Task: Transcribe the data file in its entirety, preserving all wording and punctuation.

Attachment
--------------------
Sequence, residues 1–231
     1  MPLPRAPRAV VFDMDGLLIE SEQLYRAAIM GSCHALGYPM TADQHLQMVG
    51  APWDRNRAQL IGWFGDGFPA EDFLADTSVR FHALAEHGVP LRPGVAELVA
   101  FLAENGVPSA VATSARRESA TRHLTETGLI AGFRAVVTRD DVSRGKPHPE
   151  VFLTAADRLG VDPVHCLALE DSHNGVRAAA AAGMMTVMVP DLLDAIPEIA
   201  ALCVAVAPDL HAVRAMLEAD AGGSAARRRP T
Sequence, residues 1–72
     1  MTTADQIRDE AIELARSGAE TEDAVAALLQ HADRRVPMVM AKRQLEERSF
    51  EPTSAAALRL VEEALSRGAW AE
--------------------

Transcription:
Sequence, residues 1–231
     1  MPLPRAPRAV VFDMDGLLIE SEQLYRAAIM GSCHALGYPM TADQHLQMVG
    51  APWDRNRAQL IGWFGDGFPA EDFLADTSVR FHALAEHGVP LRPGVAELVA
   101  FLAENGVPSA VATSARRESA TRHLTETGLI AGFRAVVTRD DVSRGKPHPE
   151  VFLTAADRLG VDPVHCLALE DSHNGVRAAA AAGMMTVMVP DLLDAIPEIA
   201  ALCVAVAPDL HAVRAMLEAD AGGSAARRRP T
Sequence, residues 1–72
     1  MTTADQIRDE AIELARSGAE TEDAVAALLQ HADRRVPMVM AKRQLEERSF
    51  EPTSAAALRL VEEALSRGAW AE